In Dark Age Bodies Lynda L. Coon reconstructs the gender ideology of monastic masculinity through an investigation of early medieval readings of the body. Focusing on the Carolingian era, Coon evaluates the ritual and liturgical performances of monastic bodies within the imaginative landscapes of same-sex ascetic communities in northern Europe. She demonstrates how the priestly body plays a significant role in shaping major aspects of Carolingian history, such as the revival of classicism, movements for clerical reform, and church-state relations. In the political realm, Carolingian churchmen consistently exploited monastic constructions of gender to assert the power of the monastery. Stressing the superior qualities of priestly virility, clerical elites forged a model of gender that sought to feminize lay male bodies through a variety of textual, ritual, and spatial means.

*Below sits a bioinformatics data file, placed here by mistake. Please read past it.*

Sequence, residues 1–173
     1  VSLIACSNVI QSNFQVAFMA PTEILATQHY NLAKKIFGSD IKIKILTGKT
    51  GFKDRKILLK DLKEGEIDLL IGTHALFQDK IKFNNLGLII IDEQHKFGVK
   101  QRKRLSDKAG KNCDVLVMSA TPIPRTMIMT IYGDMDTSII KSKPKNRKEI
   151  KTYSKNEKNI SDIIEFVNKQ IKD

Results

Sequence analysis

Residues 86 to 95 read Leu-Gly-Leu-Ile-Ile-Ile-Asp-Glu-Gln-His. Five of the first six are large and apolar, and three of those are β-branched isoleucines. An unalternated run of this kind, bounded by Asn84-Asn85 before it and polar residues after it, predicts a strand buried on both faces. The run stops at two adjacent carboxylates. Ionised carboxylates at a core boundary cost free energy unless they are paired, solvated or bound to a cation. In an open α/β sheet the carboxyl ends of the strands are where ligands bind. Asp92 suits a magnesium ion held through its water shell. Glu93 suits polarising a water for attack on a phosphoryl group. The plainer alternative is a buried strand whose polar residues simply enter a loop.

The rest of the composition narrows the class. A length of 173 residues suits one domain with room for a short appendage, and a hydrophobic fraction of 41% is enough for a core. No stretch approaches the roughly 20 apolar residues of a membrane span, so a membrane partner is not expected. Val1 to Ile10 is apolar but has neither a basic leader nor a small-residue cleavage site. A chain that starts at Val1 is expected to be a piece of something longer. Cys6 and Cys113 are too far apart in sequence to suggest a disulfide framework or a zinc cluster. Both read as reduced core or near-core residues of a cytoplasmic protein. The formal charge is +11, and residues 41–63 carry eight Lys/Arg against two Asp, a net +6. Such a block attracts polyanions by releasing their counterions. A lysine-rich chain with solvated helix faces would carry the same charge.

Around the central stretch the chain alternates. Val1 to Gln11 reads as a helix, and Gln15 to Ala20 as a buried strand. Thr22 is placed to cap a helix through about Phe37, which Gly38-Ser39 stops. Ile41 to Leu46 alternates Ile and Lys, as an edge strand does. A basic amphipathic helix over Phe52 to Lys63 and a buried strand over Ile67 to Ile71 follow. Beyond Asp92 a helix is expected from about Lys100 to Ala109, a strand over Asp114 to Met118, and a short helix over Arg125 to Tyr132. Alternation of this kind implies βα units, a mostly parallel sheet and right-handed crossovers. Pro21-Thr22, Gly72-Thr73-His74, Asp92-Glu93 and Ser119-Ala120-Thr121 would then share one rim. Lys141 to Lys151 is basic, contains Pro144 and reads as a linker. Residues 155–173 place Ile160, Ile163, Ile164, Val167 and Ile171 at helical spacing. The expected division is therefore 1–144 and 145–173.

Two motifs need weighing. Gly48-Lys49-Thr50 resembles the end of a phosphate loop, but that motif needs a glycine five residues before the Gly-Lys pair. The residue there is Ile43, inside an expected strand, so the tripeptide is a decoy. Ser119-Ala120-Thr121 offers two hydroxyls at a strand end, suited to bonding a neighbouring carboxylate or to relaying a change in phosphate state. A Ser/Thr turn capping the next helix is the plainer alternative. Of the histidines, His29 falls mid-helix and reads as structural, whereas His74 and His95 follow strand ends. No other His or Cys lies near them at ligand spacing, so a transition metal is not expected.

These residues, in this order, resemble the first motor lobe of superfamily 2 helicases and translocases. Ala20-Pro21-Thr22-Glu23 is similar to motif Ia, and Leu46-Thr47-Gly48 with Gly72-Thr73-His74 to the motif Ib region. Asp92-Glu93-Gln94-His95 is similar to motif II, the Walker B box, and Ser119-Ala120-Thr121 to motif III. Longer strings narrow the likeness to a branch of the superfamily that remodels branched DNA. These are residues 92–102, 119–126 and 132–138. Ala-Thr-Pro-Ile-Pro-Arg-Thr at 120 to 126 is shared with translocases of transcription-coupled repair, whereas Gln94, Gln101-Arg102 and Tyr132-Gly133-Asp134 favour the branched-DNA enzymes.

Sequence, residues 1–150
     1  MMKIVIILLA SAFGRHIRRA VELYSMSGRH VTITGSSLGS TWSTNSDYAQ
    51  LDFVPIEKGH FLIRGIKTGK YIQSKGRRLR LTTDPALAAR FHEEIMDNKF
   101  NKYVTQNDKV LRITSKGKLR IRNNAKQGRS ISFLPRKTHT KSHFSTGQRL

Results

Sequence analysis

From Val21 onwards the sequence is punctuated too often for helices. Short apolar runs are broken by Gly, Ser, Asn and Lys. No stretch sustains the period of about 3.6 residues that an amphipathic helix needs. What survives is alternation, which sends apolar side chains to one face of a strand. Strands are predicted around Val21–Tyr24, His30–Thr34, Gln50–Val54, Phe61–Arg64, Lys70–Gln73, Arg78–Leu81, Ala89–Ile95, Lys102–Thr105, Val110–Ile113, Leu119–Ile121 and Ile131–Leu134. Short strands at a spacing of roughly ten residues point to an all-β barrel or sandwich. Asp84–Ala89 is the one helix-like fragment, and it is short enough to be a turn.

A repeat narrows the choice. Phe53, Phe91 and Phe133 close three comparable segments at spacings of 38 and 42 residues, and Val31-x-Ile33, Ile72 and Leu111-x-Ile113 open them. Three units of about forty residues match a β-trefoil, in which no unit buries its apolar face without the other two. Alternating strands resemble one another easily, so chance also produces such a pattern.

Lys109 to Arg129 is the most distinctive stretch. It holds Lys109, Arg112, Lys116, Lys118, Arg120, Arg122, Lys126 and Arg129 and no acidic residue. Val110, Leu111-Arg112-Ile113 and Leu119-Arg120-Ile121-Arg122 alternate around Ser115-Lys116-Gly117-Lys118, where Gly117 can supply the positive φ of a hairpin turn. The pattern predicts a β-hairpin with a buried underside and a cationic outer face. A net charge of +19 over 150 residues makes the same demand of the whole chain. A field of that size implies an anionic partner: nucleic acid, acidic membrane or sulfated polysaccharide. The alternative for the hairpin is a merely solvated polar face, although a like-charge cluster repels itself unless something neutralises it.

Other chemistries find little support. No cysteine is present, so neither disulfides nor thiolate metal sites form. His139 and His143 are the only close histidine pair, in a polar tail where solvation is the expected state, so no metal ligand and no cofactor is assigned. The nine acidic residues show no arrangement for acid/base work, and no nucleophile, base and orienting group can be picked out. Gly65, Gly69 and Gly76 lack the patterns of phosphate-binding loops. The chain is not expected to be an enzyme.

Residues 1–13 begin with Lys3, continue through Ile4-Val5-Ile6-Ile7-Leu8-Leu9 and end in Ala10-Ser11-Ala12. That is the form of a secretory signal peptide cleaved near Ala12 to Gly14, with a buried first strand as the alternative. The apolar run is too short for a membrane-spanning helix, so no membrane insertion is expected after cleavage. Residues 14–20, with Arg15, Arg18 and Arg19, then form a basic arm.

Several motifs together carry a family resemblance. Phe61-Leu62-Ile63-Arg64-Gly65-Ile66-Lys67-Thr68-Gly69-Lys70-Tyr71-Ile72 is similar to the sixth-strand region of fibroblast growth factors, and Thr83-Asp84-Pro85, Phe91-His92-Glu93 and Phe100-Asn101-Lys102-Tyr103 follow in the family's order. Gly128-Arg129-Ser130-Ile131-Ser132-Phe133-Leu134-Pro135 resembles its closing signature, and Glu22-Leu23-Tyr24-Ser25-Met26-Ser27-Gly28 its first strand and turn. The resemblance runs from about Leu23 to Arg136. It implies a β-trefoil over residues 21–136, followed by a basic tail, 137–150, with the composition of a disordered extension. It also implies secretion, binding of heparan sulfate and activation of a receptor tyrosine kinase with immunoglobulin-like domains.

Focusing on three central themes—the body, architecture, and ritual practice—the book draws from a variety of visual and textual materials, including poetry, grammar manuals, rhetorical treatises, biblical exegesis, monastic regulations, hagiographies, illuminated manuscripts, building plans, and cloister design. Interdisciplinary in scope, Dark Age Bodies brings together scholarship in architectural history and cultural anthropology with recent works in religion, classics, and gender to present a significant reconsideration of Carolingian culture.